Samrat Upadhyay earned his Ph.D. from the University of Hawaii in 1999. He joined the Indiana University (IU) faculty in 2003 as an assistant professor of English. He was promoted to associate professor in 2006 and full professor in 2011. In 2013, he earned the additional, honorary title of Martha C. Kraft Professor of Humanities, and he was named a Distinguished Professor, the highest academic title for the most outstanding and renowned scholars and researchers at IU, in 2019.
Upadhyay is the first Nepali-born fiction writer to be published in the United States. His debut short story collection Arresting God in Kathmandu was the winner of the 2001 Whiting Writers’ Award and his second short story collection, The Royal Ghosts, won the 2007 Asian American Literary Award. His first novel, The Guru of Love, was a New York Times Notable Book while his second novel, Buddha’s Orphans, was longlisted for the 2012 DSC Prize for South Asian Literature. His 2014 novel, The City Son, was longlisted for the PEN Open Book award. His latest story collection, Mad Country, has been called “brilliant, daring, and memorable” by the New York Times Sunday Book Review. It was also a finalist for the Aspen Words Literary Prize. He has written for The New York Times and has appeared on BBC Radio and National Public Radio.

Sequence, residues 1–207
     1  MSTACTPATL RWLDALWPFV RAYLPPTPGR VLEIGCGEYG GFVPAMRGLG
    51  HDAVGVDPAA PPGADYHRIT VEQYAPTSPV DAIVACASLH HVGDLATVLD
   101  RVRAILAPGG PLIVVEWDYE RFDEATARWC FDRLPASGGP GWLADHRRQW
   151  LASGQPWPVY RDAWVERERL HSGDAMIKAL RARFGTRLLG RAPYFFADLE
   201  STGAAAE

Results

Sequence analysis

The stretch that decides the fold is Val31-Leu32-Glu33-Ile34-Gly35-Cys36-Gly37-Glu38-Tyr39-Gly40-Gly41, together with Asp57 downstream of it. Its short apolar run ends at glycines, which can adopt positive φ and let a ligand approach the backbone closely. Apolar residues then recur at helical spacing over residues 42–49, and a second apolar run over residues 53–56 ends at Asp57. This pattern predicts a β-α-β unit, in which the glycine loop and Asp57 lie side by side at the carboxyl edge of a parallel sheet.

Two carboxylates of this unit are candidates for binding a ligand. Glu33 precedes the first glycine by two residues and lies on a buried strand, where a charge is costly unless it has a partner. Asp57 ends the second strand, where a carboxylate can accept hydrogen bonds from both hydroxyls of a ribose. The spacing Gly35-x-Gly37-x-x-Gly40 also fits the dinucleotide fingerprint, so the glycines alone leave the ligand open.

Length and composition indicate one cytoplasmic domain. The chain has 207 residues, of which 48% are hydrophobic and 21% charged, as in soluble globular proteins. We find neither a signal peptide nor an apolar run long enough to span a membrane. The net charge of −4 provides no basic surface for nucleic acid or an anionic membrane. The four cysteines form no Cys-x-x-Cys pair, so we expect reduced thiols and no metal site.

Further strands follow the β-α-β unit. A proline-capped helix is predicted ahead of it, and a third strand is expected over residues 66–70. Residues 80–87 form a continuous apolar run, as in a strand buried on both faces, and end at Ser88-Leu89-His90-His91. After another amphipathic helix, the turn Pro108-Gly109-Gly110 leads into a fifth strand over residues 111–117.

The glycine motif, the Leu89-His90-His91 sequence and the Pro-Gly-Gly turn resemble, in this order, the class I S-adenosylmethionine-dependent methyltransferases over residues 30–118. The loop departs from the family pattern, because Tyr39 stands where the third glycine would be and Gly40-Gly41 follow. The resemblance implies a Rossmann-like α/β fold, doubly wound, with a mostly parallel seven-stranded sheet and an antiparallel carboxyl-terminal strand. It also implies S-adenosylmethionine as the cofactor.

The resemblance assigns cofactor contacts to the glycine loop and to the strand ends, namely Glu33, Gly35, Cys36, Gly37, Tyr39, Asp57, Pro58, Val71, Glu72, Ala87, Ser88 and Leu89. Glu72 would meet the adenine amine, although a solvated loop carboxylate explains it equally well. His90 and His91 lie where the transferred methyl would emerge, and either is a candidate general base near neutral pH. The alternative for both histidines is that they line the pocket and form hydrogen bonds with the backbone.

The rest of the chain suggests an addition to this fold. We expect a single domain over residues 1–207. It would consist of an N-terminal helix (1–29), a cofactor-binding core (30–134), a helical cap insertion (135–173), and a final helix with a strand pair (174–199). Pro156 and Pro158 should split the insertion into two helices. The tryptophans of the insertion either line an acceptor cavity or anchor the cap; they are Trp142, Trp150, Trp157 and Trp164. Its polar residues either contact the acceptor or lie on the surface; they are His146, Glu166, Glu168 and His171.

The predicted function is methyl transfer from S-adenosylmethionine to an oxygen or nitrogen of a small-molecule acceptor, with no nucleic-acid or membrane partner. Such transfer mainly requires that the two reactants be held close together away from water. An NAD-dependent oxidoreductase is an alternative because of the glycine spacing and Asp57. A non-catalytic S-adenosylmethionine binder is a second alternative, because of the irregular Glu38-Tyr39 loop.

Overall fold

In 2016, Upadhyay was the only Indiana writer to win a creative writing fellowship from the National Endowment of the Arts. Upadhyay received the IU Bicentennial Medal in September 2020 in recognition of his distinguished contributions to Indiana University.